Media Arts Class Blog

Last Two Steps for Your Website!

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Okay – there are only TWO last steps for your website! The first is what I outlined in the previous post: You need to add an “h1″ title and the CSS to your page. Secondly you need to “link” your menu buttons, and then duplicate your index page and make the duplicates into the other 3 pages. Change the titles and you’re done!

Creating Rollovers with Text-Based Menu Links

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If you do not have images as buttons for your menu, you will need to create a rollover effect with the CSS. It’s very simple, and here is a demo video and screenshots of the code:

Here is the new CSS:

Rollover_CSS1

Rollovers with Images

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One of the things that we need to do is add some interaction with the user on our websites. We do this via the use of “rollovers.” Rollovers are a simple change that happens with the menu items to let the user know they are placing the mouse over a link. It’s pretty easy to do, especially since Dreamweaver does most of the coding for you!

Configuring the Content Area with Dummy Text and CSS

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What we need to do now is figure out what our content area would look like if we had actual content in it. But instead of taking the time to add real content, we can add “dummy text” that will help us figure out how to configure our content div.

When you add the dummy text to the content div, the text will probably burst out of the div. You need to modify the height of the div, from “height” to “min-height”. Also, don’t forget to set your margins and padding!

Screenshot:


Content_NewCSS

Video:

Moving from Photoshop to Dreaweaver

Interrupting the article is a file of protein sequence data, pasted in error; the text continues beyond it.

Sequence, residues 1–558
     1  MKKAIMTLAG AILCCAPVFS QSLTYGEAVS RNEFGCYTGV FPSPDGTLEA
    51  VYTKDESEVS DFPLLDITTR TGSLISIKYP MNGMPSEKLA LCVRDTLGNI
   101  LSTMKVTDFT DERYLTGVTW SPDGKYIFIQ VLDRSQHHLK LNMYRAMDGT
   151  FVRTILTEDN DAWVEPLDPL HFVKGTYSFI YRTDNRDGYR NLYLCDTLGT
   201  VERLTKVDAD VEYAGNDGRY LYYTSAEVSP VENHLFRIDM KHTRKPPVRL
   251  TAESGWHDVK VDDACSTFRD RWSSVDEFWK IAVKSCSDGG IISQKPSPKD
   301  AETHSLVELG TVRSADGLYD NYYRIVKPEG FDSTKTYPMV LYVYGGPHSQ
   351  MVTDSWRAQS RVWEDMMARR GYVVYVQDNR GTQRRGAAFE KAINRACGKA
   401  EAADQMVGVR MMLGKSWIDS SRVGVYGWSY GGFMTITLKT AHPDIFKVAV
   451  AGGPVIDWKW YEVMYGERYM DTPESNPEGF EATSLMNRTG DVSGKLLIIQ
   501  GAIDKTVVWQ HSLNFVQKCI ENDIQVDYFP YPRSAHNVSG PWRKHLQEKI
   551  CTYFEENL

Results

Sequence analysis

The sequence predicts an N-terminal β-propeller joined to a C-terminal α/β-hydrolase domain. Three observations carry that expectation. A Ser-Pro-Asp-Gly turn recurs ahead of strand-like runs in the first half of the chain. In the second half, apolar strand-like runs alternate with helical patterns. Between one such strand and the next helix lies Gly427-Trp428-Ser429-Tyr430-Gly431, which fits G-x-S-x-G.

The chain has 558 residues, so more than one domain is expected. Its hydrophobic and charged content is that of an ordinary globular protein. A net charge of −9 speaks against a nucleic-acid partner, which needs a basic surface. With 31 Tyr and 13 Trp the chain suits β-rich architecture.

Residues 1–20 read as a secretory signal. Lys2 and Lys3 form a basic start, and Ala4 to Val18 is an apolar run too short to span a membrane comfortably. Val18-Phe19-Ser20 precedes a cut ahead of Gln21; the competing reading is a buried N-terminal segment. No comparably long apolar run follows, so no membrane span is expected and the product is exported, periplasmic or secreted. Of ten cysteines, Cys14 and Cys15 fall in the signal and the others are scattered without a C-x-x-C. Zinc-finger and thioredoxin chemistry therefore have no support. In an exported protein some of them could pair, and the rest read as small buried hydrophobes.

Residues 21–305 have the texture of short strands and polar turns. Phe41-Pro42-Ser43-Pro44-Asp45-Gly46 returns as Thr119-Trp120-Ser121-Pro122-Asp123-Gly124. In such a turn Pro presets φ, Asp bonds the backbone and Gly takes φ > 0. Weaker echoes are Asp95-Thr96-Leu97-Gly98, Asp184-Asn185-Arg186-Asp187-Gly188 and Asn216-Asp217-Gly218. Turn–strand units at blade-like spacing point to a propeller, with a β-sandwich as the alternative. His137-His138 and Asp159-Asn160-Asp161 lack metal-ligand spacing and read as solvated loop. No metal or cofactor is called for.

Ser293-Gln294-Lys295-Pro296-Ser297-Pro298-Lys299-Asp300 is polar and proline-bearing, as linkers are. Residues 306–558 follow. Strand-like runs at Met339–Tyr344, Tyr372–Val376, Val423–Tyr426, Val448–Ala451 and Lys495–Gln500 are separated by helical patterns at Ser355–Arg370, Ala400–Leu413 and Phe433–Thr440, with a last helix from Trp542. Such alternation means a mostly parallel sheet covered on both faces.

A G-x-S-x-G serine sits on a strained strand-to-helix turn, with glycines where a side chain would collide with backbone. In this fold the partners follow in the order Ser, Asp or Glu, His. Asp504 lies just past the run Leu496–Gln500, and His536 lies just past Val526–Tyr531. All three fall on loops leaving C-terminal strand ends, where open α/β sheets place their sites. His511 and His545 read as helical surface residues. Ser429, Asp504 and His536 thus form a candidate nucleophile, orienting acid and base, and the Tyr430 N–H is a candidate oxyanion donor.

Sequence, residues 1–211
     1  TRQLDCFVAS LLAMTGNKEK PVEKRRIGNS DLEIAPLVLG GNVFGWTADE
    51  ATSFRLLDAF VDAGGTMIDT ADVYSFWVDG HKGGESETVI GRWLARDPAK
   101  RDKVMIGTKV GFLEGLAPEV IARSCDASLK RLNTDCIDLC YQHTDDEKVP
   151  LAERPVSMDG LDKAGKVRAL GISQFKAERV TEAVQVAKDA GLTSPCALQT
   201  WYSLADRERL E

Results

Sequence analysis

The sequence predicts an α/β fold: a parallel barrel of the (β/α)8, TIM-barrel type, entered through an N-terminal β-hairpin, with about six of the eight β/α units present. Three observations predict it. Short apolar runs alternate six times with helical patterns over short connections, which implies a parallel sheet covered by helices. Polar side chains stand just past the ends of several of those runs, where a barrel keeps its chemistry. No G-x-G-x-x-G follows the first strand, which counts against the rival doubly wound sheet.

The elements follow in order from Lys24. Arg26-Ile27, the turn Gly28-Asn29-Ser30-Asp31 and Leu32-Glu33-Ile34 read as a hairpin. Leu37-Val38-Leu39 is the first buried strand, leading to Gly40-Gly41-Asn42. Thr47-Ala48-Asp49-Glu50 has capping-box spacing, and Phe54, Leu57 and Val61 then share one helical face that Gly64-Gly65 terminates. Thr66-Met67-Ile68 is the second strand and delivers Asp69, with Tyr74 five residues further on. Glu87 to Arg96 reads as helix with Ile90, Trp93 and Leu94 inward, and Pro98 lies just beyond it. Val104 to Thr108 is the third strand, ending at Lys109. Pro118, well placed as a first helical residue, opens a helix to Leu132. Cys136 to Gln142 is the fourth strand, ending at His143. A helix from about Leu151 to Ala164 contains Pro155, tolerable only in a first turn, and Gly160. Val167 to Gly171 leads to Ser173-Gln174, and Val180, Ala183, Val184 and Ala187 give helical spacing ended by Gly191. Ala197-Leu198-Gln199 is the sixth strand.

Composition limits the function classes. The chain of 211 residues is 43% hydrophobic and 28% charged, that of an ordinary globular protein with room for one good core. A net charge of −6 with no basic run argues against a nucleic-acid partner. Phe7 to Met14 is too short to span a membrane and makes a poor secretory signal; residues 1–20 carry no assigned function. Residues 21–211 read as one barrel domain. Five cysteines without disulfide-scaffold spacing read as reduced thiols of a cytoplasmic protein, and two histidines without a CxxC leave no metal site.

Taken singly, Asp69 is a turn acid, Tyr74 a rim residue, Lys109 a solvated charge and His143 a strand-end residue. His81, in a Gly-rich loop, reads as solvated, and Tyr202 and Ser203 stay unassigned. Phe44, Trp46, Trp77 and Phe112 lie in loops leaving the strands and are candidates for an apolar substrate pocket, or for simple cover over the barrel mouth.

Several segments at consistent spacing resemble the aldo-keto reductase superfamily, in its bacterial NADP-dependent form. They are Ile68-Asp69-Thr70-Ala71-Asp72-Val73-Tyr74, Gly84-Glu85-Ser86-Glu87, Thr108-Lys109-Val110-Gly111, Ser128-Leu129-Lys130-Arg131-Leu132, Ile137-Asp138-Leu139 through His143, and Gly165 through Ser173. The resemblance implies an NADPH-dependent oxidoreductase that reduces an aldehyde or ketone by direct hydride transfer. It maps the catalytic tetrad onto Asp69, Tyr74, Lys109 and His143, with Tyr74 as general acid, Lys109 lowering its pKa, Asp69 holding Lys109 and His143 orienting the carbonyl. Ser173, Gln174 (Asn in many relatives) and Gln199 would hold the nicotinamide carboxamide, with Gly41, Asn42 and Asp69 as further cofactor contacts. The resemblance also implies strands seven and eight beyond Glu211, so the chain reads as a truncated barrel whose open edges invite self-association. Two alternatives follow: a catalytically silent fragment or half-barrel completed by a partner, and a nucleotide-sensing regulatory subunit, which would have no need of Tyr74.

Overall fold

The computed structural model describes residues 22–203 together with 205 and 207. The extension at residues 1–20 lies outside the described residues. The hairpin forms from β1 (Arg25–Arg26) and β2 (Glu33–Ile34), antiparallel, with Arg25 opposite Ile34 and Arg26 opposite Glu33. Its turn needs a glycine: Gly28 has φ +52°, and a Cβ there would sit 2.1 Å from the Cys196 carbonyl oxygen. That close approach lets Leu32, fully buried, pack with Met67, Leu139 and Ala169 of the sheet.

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NO AUDIO because someone unplugged the audio cable from my computer. But if you like silent film, this one will be a favorite. Because le’s face it – what’s better than NOT being able to hear me talk?!

Setting Up Your Photoshop Document for Web Design

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This demo will hopefully help you set up your Photoshop file so that you can design it in Photoshop easily:

Switch Objects From One Symbol to Another

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In your animation, it may happen that you want to switch an object from one symbol to another in the middle of a scene – Such as moving a sword from the torso to the character’s hand, as I do in the following demo. The one big thing to remember is that you must duplicate and swap ALL the symbols involved so that this change doesn’t happen in other scenes!

Adding a Scene to Your Animation

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Adding a scene to your animation is the way to give yourself a new Point of View (POV) or, basically, switch to a new camera. This will help you keep your audience’s interest, as well as show different things so as to communicate your animation better!

How to Save Your Animation as an Uncompressed Document To Keep the Pinwheel Away…

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As your animation gets more and more complicated, with more and more symbols, scenes, and tweens, you will find that Flash will start to slow down, and the “Pinwheel of Death” will show up every 10 minutes or so, and will freeze Flash for anywhere from 1-10 minutes!

So, you need to save your animation as a special, “uncompressed” file type so that this doesn’t happen. At least, it won’t happen as much or for as long.

Putting it all Together: Using Keyframes and Synchronizing Animations in Flash

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Today I went through how you can modify the animation with your character to include other objects, and how to adjust the animations using the keyframes so that the actions line up and work together to create a masterpiece!

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